Richard Seelig, de facto chairman of the de facto Oak Bluffs beach committee, presented Oak Bluffs selectmen, at their Tuesday meeting, with a range of evidence to show the dubious quality of the dredge spoils that came from Little Bridge this June, and the continued unsightly state of Pay Beach. A contingent of about 20 concerned citizens also were present. “The larger rocks are coming to the surface,” Mr. Seelig said, showing slides that underscored his point. Mr. Seelig’s slides also showed steep drop-offs where the high tide has chewed away at the spoils, and the subsequent surfacing of large rocks. To further underscore his point, he also presented selectmen with a tray of rock-laden sand and a football-size rock that came from Pay Beach.
“This material is not sand,” he said.
Mr. Seelig also showed a slide of the large drainage pipe at Pay Beach that remains exposed. “I think we can agree that we can do better,” he said, to the audible agreement of the room.
As he has done before, Mr. Seelig implored the board to appropriate funds in the range of $40,000 for a surf rake. He recited a long list of towns that use beach rakes, including Falmouth, Mashpee, Dennis, Chatham, and Bourne, as well as Nantucket. He added that since the town will be largely dependent on dredge spoils until sand mining is approved by the state, a surf rake will more than pay for the investment.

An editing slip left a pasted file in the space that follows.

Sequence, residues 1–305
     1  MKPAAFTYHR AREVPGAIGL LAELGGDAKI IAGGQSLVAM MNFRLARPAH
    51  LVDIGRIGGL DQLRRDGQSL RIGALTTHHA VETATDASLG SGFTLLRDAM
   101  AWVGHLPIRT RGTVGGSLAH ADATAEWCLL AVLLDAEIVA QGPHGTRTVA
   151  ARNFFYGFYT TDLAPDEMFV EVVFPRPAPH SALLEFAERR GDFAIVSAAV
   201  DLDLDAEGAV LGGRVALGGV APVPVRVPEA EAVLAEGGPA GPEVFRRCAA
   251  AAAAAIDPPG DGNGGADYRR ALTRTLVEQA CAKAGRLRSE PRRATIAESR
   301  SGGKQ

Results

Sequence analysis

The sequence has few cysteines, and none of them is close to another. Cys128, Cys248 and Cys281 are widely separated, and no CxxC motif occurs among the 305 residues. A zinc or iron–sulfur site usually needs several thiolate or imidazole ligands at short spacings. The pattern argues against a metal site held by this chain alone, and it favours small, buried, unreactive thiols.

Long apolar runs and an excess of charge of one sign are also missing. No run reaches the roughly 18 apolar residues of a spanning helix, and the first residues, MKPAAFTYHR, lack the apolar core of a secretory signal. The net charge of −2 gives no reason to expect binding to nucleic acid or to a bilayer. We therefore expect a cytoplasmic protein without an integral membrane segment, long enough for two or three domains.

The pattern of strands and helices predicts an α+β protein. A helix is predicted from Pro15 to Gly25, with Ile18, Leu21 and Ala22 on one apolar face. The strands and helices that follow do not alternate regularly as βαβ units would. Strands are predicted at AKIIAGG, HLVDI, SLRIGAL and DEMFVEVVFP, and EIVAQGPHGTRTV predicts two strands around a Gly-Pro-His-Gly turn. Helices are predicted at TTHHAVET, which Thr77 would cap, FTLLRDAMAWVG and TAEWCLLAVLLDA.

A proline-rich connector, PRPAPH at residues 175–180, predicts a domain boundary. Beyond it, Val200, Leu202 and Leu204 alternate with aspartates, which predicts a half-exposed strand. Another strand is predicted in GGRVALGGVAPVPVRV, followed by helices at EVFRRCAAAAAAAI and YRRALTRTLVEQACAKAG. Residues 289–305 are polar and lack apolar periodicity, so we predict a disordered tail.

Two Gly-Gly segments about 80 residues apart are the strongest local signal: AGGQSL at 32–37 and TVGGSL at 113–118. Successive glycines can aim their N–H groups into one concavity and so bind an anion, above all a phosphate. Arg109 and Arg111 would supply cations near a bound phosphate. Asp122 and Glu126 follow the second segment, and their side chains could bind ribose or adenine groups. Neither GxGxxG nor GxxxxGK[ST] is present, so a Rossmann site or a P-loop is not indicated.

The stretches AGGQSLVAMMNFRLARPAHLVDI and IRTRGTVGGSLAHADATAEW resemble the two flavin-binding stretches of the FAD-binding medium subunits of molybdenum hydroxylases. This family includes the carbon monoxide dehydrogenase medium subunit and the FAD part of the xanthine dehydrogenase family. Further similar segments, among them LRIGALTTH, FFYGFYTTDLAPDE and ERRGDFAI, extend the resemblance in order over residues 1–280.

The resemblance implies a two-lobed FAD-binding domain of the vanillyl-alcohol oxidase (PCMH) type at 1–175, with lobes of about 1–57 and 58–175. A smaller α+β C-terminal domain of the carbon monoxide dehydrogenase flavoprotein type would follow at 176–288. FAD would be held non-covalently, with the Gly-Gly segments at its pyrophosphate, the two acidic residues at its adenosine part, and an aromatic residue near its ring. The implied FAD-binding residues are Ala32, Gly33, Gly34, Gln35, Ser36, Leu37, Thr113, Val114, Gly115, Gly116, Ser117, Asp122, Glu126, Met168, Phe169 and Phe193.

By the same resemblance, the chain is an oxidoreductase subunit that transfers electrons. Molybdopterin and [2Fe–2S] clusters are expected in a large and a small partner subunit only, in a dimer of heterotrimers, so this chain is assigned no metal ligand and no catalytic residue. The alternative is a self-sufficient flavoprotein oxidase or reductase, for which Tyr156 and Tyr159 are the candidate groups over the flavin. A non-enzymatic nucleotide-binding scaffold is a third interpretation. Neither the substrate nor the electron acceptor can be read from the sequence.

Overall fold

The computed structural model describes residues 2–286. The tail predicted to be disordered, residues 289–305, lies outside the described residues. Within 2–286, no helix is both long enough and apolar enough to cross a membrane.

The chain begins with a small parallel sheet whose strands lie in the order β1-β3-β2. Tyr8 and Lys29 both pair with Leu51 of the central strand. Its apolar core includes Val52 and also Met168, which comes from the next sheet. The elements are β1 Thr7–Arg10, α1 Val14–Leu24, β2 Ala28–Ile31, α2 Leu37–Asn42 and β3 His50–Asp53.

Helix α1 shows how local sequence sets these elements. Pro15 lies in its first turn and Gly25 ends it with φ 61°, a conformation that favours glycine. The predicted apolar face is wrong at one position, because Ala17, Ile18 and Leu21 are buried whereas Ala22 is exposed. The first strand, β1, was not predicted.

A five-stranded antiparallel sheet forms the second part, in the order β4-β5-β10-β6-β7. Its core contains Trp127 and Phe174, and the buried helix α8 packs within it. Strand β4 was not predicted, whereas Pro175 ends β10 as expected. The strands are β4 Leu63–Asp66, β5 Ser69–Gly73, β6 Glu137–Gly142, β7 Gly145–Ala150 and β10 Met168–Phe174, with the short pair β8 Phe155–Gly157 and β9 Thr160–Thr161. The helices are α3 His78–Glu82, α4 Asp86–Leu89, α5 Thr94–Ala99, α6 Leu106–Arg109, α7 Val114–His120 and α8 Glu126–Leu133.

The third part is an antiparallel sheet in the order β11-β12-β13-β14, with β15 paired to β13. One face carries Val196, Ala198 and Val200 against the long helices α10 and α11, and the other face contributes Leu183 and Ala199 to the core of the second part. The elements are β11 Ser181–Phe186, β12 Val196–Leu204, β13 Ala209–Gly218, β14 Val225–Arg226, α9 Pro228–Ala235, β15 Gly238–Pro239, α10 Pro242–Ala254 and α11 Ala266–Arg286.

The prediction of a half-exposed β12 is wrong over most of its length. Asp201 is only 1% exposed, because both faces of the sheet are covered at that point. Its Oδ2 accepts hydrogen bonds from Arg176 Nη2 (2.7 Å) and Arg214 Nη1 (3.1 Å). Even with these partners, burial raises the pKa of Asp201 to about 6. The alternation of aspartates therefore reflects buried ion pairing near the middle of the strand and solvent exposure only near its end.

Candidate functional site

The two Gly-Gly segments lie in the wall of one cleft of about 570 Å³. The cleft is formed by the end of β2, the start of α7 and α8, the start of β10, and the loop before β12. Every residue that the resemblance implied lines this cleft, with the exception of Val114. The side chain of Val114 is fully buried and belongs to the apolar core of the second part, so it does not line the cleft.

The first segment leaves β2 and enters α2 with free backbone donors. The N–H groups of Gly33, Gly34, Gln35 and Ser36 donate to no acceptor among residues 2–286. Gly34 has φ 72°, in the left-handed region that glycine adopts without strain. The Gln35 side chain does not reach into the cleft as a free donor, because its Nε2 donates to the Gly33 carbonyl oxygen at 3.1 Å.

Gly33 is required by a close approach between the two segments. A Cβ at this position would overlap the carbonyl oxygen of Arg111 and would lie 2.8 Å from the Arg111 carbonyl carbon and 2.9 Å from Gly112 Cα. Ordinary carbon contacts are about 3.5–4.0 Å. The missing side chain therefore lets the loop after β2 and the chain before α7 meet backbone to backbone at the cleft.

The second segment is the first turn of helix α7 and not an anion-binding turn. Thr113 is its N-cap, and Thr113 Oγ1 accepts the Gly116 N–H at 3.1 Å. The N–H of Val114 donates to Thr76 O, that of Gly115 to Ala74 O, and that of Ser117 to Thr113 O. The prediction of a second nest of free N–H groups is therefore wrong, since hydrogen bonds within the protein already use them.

Selectman Walter Vail said a surf rake would be in the town capital plan for the next fiscal year, as it has been in the three prior years. He suggested that in the interim, the highway department could remove the larger rocks.
Mr. Seelig also noted that the Conservation Commision, the overseeing body for the beach, has told him that the rocks help keep the sand in place and mitigate beach erosion.
“We need to do something different with our beaches,” he said. “We need to treat our beaches like they’re important.”